On January 12, 2010, a massive earthquake devastated much of Port-au-Prince and Haiti. The earthquake struck one of the poorest countries in the world, highly vulnerable to natural disasters, and with a long legacy of poor governance and weak institutions. Unlike previous disasters, such as four back-to-back hurricanes in 2008, the international community responded quickly and generously to the earthquake. Governmental and private donors offered US$4 billion of aid to Haiti, promising to build back better. Two years later, however, Haiti is as poor today as it was before, and not sufficiently prepared should another major disaster occur.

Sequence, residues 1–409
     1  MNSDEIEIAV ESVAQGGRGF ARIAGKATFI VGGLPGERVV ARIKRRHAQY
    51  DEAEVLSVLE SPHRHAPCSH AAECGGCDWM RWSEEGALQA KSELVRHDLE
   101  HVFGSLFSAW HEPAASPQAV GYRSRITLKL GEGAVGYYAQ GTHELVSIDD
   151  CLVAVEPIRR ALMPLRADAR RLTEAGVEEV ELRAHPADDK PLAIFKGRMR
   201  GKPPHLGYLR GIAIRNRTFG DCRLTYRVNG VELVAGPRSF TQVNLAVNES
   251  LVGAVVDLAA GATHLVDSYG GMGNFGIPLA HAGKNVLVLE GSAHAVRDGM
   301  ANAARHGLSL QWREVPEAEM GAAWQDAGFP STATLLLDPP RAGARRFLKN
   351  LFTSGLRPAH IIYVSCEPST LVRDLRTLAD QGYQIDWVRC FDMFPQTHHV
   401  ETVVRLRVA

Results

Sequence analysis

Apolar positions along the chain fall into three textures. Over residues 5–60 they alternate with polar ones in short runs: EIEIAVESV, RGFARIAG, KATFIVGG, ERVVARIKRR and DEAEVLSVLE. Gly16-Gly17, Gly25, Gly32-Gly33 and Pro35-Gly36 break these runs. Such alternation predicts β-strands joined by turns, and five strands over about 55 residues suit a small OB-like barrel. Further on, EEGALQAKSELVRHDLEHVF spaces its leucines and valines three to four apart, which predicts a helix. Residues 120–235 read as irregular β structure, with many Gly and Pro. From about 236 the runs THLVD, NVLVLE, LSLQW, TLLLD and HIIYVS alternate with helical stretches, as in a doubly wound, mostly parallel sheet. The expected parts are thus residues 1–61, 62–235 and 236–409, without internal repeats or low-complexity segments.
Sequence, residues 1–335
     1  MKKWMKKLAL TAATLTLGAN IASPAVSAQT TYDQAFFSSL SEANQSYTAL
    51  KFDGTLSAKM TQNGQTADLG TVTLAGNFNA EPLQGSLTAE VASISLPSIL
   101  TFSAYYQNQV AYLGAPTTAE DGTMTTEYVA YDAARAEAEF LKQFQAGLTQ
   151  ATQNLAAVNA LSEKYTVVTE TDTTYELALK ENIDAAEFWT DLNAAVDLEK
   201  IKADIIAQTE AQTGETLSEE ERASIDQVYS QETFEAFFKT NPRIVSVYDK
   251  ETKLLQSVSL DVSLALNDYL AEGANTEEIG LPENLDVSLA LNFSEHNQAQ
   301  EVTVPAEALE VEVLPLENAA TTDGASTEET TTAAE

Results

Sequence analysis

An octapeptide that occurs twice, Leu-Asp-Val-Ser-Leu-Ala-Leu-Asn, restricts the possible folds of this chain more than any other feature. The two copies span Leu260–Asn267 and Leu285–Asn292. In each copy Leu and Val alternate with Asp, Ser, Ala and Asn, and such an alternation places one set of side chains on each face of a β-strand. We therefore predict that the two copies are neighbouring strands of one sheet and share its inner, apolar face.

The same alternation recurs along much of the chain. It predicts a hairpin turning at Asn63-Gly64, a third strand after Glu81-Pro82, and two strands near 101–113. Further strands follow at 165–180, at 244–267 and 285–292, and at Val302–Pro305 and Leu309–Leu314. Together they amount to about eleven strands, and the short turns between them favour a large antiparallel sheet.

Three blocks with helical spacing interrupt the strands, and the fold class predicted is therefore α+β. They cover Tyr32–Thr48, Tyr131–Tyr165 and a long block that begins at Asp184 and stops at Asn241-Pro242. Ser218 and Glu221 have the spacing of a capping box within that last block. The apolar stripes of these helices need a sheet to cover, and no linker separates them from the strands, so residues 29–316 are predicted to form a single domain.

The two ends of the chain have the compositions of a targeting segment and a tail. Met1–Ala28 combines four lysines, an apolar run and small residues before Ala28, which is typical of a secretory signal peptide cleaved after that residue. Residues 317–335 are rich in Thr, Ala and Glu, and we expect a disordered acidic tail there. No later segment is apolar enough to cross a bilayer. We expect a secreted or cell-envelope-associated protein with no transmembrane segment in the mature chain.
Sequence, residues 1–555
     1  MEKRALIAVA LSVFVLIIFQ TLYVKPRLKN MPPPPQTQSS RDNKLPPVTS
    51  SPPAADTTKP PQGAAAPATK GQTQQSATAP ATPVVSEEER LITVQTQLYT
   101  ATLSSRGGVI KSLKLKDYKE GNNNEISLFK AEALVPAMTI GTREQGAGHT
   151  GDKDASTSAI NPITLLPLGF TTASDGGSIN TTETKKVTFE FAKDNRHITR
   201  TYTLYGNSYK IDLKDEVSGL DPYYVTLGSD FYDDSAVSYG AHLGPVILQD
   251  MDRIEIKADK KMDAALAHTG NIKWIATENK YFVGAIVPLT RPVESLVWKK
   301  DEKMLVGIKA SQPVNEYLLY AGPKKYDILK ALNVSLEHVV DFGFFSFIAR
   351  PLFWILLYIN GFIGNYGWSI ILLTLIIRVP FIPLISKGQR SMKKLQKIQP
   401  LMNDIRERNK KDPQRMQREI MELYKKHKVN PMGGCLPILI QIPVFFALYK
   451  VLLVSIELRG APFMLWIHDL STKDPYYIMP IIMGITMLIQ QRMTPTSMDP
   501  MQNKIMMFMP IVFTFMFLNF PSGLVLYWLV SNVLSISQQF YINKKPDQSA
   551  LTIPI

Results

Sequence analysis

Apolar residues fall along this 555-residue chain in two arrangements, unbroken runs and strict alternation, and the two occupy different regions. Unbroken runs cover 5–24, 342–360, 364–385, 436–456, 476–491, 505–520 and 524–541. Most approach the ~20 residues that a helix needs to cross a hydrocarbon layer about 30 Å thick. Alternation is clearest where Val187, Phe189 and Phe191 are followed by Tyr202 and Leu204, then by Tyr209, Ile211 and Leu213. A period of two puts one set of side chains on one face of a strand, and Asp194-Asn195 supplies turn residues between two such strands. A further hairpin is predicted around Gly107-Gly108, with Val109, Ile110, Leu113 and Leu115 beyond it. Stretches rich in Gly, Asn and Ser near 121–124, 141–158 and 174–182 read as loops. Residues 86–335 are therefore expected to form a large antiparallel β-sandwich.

The Haitian earthquake and the cholera epidemics that followed highlighted the inadequacy of the international humanitarian system to respond to disasters in large, urban settings. Many of the lessons from other major disasters, such as Hurricane Mitch in 1998, were not considered or applied in the response. More than anything, though, the earthquake and the response exposed the failure of the international community to help Haiti build preparedness capacity to face disasters, or link emergency relief efforts to a long-term recovery strategy that reduces vulnerability and strengthens the resilience of the Haitian people.